An American Tale (or, Let’s Forget About the Shutdown for a Bit, Shall We?)
In light of that, I’ve been thinking a lot about my own family, how we got here, and why we love it – even in times like this. I thought I might write a little bit about that, if for no other reason than to get us all talking about America in something other than political terms. America is, after all, a concept, a philosophy, a great experiment.
As recent immigrants, my family’s story is fresh and real – told by the same people who lived it. That in itself is a blessing, really. Sometimes a curse, too, but mostly the best thing that’s ever happened to me. It has helped me evaluate my own life as I walk, skip, do the fifty-yard dash, sometimes hobble my way through “the great journey” as somebody great once called it. I would have never met my husband – in the old country, as luck would have it – had my mother not dragged her pregnant derrière across dangerous, armed borders and made her way to America – or as we say in my family, “the best darned country in the world.”
Now, don’t go getting offended if you’re either not American and happen to think your country is pretty darned good, too, or if you’re one of those self-loathing Americans who hates to sound full of himself. My family owes the US of A a lot, so we’ve earned the right to our starry spangled banner-eyed opinion. It’s kind of like me saying that I’ve got the best husband in the whole darned world. It’s a subjective statement brought on by loyalty, gratitude, faith and flat-out love. Not arrogance.
And getting here, according to the people in my family who actually got here, was not a foregone conclusion. In other words, nobody woke up one day and said, “I think I’ll go to America,” got on a plane, and voila!
It was HARD. It took a hell of a long time in some cases. And it required a level of courage and faith that most of us hope we never, ever have to demonstrate.
Yet some might say it was in the cards all along. And I’m willing to go along with that, too.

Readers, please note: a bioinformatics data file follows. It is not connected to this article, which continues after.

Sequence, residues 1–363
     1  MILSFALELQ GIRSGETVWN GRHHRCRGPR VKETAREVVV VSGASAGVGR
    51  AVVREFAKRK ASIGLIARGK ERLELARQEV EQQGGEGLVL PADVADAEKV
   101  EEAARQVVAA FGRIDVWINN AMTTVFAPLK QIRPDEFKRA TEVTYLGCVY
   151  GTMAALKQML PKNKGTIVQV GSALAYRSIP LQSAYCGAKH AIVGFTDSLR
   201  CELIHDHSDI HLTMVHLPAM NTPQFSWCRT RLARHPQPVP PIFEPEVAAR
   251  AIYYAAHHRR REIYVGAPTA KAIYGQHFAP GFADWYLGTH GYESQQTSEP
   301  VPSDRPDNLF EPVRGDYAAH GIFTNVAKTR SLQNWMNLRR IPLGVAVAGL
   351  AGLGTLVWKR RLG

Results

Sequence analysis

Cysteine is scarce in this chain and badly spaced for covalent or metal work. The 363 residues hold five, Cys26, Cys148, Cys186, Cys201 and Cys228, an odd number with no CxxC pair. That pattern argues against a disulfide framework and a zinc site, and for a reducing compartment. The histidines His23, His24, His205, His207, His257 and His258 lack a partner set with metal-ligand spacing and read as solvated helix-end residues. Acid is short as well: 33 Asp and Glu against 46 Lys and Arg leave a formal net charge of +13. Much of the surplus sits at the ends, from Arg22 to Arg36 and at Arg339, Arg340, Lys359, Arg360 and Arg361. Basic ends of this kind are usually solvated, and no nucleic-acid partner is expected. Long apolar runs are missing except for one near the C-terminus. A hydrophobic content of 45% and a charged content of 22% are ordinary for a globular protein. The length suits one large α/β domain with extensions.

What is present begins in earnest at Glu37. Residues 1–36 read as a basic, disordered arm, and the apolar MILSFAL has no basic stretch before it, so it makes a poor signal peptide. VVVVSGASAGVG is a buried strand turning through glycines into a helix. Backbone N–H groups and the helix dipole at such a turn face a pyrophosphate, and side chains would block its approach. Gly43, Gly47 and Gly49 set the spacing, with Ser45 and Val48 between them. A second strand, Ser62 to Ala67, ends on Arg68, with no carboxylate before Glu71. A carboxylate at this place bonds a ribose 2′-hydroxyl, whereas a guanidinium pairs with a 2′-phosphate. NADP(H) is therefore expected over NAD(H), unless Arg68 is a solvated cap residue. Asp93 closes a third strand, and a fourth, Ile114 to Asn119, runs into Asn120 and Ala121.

About a year before the Prague Spring (1968), my Aunt Viki visited a fortune-teller. She wasn’t the kind of fortune-teller who had a tent, a crystal ball, and charged a fee in order to impart what your Uncle Louie wants to tell you from “the great beyond.”
She was simply a little old lady who lived in a cold-water flat beneath my aunt’s studio apartment in Prague. There was nothing “woo-woo” about her – she was just able to read your fortune from an ordinary deck of playing cards. Two of hearts, nine of clubs, etc.
If she liked you.
Well, she liked my aunt and one day she sat down to a cup of tea with her and got out the old playing deck. My aunt really only had one question for her – Will I ever see my parents again?
You see, my grandparents had fled Czechoslovakia twenty years earlier under threat of arrest.
They weren’t knocking off liquor stores or anything. During the war, my grandparents had helped people – mostly Jewish – get out of the country to safety. Theirs was no Oscar Schindler story – they only helped a handful of people: the boyfriend of a neighbor and the family of an Embassy official – but it was enough, after the communists seized power, to get my grandparents into trouble.
Despite the Soviets own complicated relationship with their German predecessors, they were not fond of people who would risk their lives for their principles or endeavor to break the law in any way. The Soviets liked their people compliant, morally vague, and easily frightened.